“You’re the most beautiful thing in our life, but what a life I’ve brought you into. You didn’t choose this. Will you ever forgive me?” Waad al-Kateab asks in the extraordinary documentary For Sama. In 2012 during the Arab Spring, Waad, a marketing student at Aleppo University, joined the protests against the regime of President Bashar al-Assad. She started taking photos and cell-phone video, then got a film camera as she became a citizen journalist, documenting the escalating conflict, trying to find moments of joy amid the brutal, senseless murders of innocent men, women, and children. She met and fell in love with heroic doctor Hamza al-Kateab, who was determined to keep his hospital running as the bombings got closer. Waad and Hamza got married, and on January 1, 2016, she gave birth to a healthy girl, Sama.
The film, directed by Waad (who also served as cinematographer and producer) and Edward Watts (Escape from ISIS), is a poignant, unflinching confession from mother to daughter, explaining in graphic detail what the families of Aleppo are going through as Russian and Syrian forces and Islamic extremists maintain a constant attack. “We never thought the world would let this happen,” Waad explains as the body count rises — which she intimately shows, not shying away from shots of bloodied victims being brought into the hospital, a pile of dead children, or a desperate attempt to save the life of a mother and a newborn after an emergency caesarean. “I keep filming. It gives me a reason to be here. It makes the nightmares feel worthwhile,” Waad says.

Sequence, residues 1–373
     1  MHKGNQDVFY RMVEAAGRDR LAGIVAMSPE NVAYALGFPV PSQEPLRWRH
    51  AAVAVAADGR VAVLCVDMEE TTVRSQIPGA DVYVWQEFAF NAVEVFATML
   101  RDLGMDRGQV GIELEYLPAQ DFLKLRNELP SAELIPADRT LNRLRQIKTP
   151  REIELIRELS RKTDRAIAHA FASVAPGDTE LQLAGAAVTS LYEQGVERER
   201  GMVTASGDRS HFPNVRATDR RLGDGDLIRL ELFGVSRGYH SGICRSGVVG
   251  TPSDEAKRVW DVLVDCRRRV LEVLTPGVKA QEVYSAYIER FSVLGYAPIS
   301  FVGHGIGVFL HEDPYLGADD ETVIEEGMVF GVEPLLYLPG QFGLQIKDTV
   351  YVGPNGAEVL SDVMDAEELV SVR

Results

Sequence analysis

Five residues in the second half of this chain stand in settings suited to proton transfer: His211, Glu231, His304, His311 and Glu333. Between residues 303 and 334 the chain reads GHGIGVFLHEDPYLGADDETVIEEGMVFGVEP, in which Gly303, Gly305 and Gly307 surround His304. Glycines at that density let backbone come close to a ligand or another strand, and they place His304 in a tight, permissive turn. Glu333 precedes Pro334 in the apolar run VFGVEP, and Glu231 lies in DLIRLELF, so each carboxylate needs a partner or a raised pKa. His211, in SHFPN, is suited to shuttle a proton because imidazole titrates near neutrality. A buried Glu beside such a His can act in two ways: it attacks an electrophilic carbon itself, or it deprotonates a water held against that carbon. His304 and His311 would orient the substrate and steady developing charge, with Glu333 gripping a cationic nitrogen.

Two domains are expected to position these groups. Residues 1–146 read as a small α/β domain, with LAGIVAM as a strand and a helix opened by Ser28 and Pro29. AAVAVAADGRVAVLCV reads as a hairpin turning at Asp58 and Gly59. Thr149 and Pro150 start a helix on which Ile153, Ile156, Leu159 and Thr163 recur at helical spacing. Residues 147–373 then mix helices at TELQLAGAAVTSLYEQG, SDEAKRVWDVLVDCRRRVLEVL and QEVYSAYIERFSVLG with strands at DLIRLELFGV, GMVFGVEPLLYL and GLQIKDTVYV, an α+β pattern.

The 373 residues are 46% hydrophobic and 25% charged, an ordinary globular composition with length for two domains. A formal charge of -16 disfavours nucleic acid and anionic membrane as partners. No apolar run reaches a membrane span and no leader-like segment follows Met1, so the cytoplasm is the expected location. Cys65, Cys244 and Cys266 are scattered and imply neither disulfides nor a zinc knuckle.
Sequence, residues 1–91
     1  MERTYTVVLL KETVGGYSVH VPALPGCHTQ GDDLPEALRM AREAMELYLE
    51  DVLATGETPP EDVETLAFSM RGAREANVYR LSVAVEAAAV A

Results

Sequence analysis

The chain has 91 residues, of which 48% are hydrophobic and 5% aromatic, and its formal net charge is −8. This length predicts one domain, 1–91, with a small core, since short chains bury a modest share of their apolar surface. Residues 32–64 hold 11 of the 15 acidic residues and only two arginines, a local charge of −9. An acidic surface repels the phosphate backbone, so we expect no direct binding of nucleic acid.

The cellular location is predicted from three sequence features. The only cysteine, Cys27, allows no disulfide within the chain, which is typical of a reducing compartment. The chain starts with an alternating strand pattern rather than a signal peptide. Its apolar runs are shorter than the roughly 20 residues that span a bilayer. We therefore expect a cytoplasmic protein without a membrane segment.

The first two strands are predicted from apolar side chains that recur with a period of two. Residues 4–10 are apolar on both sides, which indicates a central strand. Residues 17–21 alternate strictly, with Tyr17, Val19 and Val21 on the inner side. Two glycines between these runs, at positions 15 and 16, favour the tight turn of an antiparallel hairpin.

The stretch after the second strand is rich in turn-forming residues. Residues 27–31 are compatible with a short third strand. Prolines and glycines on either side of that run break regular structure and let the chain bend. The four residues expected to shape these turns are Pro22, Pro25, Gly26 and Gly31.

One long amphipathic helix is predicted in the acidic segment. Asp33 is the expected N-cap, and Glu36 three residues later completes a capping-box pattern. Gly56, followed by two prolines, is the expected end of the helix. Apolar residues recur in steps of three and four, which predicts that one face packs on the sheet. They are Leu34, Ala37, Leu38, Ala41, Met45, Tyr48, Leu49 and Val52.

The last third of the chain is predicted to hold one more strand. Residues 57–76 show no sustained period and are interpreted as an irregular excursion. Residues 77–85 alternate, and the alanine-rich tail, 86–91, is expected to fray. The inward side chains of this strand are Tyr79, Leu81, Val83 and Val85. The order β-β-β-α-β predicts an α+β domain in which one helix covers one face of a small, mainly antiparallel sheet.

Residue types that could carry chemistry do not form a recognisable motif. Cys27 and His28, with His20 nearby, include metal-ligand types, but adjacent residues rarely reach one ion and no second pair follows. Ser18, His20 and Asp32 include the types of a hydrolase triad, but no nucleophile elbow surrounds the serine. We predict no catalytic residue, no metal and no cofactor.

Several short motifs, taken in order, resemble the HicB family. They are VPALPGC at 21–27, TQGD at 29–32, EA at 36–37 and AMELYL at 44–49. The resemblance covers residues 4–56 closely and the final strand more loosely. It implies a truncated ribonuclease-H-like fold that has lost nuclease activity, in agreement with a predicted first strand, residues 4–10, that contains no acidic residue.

She captures bombings as they happen, films families huddled inside their homes while machine guns can be heard outside, talks to a child who says he wants to be an architect when he grows up so he can rebuild Aleppo. Because she is a woman, Waad gains access to other women that would not be available to a male filmmaker as they share their stories of love and despair. Waad and Hamza plant a lovely garden to bring color to the dank, brown and gray city. A snowfall covers the turmoil in a beautiful sheet of white. The pitter-patter of rain offers a brief respite. But everything eventually gets destroyed as Waad and Hamza struggle with the choice of leaving with Sama or staying to continue their critical roles in the rebellion, she depicting the personal, heart-wrenching images of war — in 2016, her Inside Aleppo reports aired on British television — he tending to the ever-increasing wounded. “The happiness you brought was laced with fear,” Waad tells Sama in voiceover narration. “Our new life with you felt so fragile, as the freedom we felt in Aleppo.” Winner of the Prix L’Œil d’Or for Best Documentary at Cannes among other awards, For Sama opens at the Quad on July 26; on July 27, Waad, Hamza, and Watts will participate in Q&As with Nermeen Shaikh after the 4:45 show and with Tomris Laffly at the 7:00 screening.